Using this table and the US Census data, I generated the following projection:


This projection is obviously a bit off, as Republicans were equal or ahead of democrats in 2000 and 2004.

There are a few factors that bias the analysis towards making democrats appear stronger than they are:

  1. Minority voters are younger and lean more democratic.  Young voters don’t show up in the same numbers as older voters, so an age weighted analysis would show Republicans as better off.
  2. There is some amount of over counting of Hispanic voters, as many of the Hispanic population are illegal aliens and unable to vote.
  3. There is a possibility of over counting of Hispanic voters voting democratic and under estimating the extent to which non-Hispanic white voter’s lean republican because all Hispanic people in the census were assumed to act as if they were Latino. It is very likely that a significant fraction of the Hispanic population told exit polls that they were white instead of Latino.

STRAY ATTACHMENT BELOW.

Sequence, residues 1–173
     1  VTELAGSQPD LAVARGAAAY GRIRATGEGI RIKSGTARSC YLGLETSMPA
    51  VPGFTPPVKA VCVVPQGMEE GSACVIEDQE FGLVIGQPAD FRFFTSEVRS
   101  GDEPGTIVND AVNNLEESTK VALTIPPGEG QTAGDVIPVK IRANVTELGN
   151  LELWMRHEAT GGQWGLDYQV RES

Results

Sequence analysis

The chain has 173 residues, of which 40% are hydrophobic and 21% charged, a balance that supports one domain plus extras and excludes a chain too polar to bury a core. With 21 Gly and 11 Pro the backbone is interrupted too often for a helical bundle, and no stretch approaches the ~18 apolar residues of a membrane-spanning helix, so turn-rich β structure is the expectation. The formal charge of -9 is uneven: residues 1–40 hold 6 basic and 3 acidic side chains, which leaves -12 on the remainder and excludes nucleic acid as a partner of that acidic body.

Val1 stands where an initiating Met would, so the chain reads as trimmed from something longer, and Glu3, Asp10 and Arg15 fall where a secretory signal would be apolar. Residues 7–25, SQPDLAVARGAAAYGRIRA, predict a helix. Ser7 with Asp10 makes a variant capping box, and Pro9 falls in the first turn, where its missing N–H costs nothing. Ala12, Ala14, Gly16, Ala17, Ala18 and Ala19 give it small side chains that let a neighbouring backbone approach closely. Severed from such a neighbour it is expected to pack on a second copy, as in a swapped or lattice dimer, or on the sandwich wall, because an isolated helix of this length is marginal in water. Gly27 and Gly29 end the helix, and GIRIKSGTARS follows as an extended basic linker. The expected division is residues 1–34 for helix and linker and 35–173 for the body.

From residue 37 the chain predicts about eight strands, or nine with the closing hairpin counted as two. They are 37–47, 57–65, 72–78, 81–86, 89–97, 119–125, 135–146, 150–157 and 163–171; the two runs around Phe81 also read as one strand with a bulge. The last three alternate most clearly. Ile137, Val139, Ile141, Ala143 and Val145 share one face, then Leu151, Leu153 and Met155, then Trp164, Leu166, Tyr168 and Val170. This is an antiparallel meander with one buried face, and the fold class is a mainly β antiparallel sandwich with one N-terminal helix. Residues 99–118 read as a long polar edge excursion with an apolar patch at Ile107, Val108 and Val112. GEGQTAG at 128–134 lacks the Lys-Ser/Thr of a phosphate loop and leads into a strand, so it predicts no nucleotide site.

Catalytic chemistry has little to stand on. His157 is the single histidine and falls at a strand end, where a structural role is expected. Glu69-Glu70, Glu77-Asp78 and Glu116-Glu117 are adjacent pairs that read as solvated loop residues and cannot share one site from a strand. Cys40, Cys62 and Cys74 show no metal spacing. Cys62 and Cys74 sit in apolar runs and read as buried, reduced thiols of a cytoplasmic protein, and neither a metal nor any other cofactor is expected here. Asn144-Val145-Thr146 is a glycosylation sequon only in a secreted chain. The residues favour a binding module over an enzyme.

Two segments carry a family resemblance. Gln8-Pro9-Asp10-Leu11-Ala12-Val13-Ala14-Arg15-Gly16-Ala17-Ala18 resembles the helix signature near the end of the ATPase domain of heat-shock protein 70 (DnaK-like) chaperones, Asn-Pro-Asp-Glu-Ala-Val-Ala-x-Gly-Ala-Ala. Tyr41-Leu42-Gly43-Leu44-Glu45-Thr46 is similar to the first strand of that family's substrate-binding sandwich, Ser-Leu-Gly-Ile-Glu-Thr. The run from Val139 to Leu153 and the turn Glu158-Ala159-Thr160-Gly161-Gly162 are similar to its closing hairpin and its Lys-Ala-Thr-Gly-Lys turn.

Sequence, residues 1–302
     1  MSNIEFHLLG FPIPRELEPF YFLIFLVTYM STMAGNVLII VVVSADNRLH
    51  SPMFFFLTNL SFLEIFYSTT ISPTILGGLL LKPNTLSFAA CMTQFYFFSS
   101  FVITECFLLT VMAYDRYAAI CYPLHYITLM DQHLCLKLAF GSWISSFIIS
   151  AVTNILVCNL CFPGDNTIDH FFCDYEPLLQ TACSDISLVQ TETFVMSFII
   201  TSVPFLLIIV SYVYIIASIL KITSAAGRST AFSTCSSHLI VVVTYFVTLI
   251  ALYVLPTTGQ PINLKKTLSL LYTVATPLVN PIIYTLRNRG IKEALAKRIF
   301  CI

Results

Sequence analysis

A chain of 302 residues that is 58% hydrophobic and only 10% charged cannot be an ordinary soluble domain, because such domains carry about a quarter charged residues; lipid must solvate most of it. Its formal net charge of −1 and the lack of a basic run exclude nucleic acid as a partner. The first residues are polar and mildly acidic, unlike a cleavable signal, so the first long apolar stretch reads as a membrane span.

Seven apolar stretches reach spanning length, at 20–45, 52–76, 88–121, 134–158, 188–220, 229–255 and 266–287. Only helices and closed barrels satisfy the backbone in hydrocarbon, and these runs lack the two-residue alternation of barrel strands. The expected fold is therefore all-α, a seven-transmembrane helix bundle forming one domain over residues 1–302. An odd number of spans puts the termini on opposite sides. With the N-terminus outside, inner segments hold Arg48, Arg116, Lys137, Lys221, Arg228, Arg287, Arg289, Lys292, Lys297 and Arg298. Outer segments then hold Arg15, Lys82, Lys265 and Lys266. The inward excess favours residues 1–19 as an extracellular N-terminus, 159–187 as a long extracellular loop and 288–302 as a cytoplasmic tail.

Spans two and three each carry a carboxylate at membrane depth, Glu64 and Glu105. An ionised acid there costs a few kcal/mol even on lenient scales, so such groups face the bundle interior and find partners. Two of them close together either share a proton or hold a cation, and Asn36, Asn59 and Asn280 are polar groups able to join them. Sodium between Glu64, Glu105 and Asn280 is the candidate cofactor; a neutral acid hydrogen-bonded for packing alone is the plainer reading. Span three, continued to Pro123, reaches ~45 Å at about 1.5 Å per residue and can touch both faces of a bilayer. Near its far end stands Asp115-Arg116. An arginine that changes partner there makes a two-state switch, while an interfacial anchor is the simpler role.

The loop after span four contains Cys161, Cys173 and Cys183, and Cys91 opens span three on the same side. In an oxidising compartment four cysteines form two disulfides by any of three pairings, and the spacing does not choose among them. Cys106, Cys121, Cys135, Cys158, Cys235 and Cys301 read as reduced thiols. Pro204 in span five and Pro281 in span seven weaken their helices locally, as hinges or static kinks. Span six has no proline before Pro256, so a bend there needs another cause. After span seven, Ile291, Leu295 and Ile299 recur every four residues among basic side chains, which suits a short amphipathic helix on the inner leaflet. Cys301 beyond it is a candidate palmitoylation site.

4. The Electoral College based system gives Republicans a chance to retain control of the senate and white house via the smaller states with white majorities for far longer than the above chart would suggest.

Even given the above irregularities, it is obvious that demographic trends mean Republicans face an uphill battle. Democrats get the minority votes by supporting entitlement programs that disproportionately benefit minorities. Republicans then imitate the democrats in order to try and get votes, a strategy that is generally ineffective in terms of netting votes and has the effect of permanently expanding the entitlement infrastructure. Brown’s win in Massachusetts may have temporarily halted healthcare reform, but the demographic trend means that victory is only temporary.